A bit of a surprising track of the day – this one by Harvest. I had to take a pick from the 11 tracks on their latest album, Northern Winds, and this was the only one they put online themselves. The opening track, just vocals and piano – but it is an opening that will hopefully make you want to hear more of this Spanish band, from my favourite city Barcelona. Enjoy, like I enjoyed tapas in Barcelona a few times….
Jukka Tolonen is one of the most interesting jazz rock and fusion guitarists I’ve come across the past few years. Being active in various bands, but mainly under his own name since 1969, he brings a nice mix of guitar sounds and is not afraid to put a bit of humour in his productions (his 1980 album Just Those Boys contains a track that is called “Fart”-ington Blues, and it starts with….? Exactly!). This track of the day is dedicated to a great guitarist, who seems to have become less active recently (his web site is no longer online). Enjoy… like the relieve you feel after degassing….
Guy Manning has been around for quite a while in the prog scene. The band that wears his name has been around since 1997, and although he announced it to quit in 2012, another album, Akoustik #2 was released in November 2014 under that same name.
Next to his own band, Manning has been a member of Parallel or 90 Degrees (PO90) and The Tangent and is now a member of United Progressive Fraternity, headed by Mark ‘Truey’ Trueack, who released a very interesting album end 2014 as well.
Akoustik #2, as the title already indicates, is an acoustic album, containing 12 tracks, of which 9 are re-arranged from existing Manning material. I am not familiar with all Mannings albums, so I did not even attempt to do a comparison between the originals and the acoustic versions. Instead, I enjoyed listening to an album that is definitely suitable for a quiet evening with a bottle of wine. Not a typical progressive rock album, but rather a folky, sometimes jazzy album performed by 10 musicians taking their time to get things right.
The translation of progressive rock to an acoustic setting, combined with the somewhat typical voice of Guy Manning himself makes that in many places this album reminds of Jethro Tull albums, for example in the chorus of one of the new tracks, The Saturday Picture Show. In fact, re-reading my notes, this also holds for the other two new tracks, Moorlands Skies and Yesterday’s Hero. Instrumentally, all three are great tracks. The Saturday Picture Show contains nice acoustic guitar and mandolin interplay, while Moorland Skies contains very tasty fretless bass work.
Apart from these three, the older tracks, taken and re-arranged from Manning albums released between 1999 and 2009, are an interesting mix of styles and feels.
Where Songs from the Bilston House and Icarus & Me are folky rock songs, Joshua Logan is a more full blown folk song, with an Irish folk feel to it.
Blue Girl is suitable for a late night dance in a jazz club, with a beautiful saxophone solo and it’s 1950s, early 1960s feel. It forms a nice trio with the melancholic Flight 19 and A Strange Place.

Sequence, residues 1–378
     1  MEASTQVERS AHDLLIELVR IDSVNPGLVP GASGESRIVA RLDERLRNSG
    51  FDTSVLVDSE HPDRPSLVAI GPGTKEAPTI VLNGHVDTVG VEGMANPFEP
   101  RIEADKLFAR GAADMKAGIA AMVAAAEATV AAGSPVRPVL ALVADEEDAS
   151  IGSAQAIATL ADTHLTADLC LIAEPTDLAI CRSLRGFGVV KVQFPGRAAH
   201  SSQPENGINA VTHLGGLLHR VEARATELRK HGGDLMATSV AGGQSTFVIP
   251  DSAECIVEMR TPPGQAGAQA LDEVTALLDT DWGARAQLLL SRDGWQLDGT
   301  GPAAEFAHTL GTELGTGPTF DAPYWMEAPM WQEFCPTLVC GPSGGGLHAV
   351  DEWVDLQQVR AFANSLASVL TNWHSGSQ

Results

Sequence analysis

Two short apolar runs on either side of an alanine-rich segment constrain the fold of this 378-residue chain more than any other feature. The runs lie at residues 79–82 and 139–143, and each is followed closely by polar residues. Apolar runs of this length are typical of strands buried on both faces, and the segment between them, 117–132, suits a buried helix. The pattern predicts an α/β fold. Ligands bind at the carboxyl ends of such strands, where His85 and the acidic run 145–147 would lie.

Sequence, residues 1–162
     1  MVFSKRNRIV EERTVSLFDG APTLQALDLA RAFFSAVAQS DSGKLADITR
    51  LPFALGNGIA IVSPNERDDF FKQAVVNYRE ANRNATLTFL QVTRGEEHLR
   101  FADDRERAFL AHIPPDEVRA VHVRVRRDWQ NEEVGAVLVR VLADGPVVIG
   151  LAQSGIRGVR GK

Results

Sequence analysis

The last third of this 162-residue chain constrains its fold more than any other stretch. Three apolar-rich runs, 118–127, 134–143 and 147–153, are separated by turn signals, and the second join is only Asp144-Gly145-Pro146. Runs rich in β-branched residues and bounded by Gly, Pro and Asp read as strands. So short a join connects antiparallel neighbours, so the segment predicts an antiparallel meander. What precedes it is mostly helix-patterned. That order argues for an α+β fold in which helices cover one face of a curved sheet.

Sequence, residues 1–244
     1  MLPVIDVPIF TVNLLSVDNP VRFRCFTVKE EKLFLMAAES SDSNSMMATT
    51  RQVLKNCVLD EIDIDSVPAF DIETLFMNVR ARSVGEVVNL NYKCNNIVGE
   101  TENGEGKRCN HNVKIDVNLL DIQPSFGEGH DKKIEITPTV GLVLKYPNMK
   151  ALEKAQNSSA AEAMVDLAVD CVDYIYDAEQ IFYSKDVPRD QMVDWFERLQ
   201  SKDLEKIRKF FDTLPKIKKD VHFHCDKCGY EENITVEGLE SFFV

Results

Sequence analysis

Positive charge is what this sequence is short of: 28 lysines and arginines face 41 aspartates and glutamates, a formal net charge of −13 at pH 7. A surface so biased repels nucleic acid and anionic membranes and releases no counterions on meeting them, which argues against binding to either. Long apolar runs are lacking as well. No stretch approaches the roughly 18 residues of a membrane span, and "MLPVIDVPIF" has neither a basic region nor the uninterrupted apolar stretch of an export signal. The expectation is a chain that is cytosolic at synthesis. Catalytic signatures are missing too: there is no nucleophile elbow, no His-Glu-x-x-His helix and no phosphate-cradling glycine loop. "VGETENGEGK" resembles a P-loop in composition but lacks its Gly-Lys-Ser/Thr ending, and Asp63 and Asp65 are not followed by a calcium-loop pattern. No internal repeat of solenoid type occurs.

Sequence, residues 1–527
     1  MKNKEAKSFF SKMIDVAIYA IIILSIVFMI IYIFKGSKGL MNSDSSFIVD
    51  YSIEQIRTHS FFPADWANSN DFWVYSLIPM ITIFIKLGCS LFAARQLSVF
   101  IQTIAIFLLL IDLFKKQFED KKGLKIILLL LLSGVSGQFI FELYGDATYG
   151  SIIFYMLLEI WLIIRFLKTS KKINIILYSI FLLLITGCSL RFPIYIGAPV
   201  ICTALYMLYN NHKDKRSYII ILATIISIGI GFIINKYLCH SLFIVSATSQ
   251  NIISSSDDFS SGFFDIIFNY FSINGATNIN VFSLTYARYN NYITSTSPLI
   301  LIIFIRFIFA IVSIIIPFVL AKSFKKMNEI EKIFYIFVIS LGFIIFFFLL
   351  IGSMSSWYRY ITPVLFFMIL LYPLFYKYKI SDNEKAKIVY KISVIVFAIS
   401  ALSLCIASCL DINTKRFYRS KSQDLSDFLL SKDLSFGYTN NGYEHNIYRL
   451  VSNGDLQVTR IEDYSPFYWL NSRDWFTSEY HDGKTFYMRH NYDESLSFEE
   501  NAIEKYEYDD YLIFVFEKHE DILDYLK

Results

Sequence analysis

The closing track Winter is dark, and for sure wintery – if I had had a say in it, I would’ve ended the album with the next to last track, Ships instead, to leave the listener with a happier feeling after playing the album. Both are well executed, but the Ships is more up tempo, and brings a more optimistic feel. For me it’s the best track on the album. The opening reminds of Fleetwood Mac’s Tusk, and mixes that with Jethro Tull, folk and jazz influences – topped with a beautiful saxophone solo.
All in all, this album is a fun listen, with very nice acoustic arrangements of originally electric song. It’s hard to qualify it as progressive rock in that sense, progressive folk may be a better fit. But, with that in mind, certainly worthwhile listening – for Manning as well as Jethro Tull fans.
Looks like my weekend in Germany in July won’t get any better. This week Lesoir and Neal Morse (with Mike Portnoy) were added to complete the program. Times were shuffled a bit again – but here’s the program. Let the good times roll come July, what a way to celebrate the 10th anniversary of a festival!
Friday, 17.07.2015 Get In appr. 13.00 h
13.30 h LESOIR
15.00 h BEARDFISH
16.30 h ANNEKE VAN GIERSBERGEN PRESENTS THE GENTLE STORM
18.20 h PENDRAGON
20.30 h NEAL MORSE & BAND (incl. Mike Portnoy)
23.00 h CAMEL
Saturday 18. Juli 2015 Get In appr. 11.30 h
12.00 h LUNA KISS
13.30 h IO EARTH
15.00 h SYLVAN
16.45 h LAZULI
18.30 h THE ENID
20.30 h RIVERSIDE
23.00 h FISH – 30th Anniversary Misplaced Childhood Show
Sunday 19. Juli 2015 Get In appr. 11.30 h
12.00 h SPECIAL PROVIDENCE
13.30 h KAIPA DACAPO
15.00 h HAKEN
16.30 h STEVE ROTHERY BAND
18.15 h PAIN OF SALVATION
20.30 h STEVE HACKETT plays for the last time “GENESIS REVISITED”
I tried a few times now to take good pictures during live gigs. It’s hard, but I’m getting better at it. Main challenge: capture the right moments, while not using flash.
These were made last weekend, during a show of Italian prog band The Watch. I’m happy with the results, although I would’ve preferred a darker background on the drummer and bass player to match the other foto’s. My goal was to get exactly this atmosphere – dark background and profiles of the musicians, showing them either fully focussed, happy, or both.
My current gear: Nikon D3200 (simple, effective even if a bit slow sometimes) and a Nikon 70-200mm F.2.8 VR objective.